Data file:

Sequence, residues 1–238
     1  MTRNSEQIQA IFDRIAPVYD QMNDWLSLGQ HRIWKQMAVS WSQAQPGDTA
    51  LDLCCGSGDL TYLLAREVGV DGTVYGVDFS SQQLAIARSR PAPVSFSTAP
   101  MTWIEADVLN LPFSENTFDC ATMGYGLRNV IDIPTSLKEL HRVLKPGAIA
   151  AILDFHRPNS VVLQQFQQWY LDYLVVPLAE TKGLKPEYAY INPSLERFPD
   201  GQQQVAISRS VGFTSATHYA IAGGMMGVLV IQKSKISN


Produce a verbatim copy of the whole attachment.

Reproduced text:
Sequence, residues 1–238
     1  MTRNSEQIQA IFDRIAPVYD QMNDWLSLGQ HRIWKQMAVS WSQAQPGDTA
    51  LDLCCGSGDL TYLLAREVGV DGTVYGVDFS SQQLAIARSR PAPVSFSTAP
   101  MTWIEADVLN LPFSENTFDC ATMGYGLRNV IDIPTSLKEL HRVLKPGAIA
   151  AILDFHRPNS VVLQQFQQWY LDYLVVPLAE TKGLKPEYAY INPSLERFPD
   201  GQQQVAISRS VGFTSATHYA IAGGMMGVLV IQKSKISN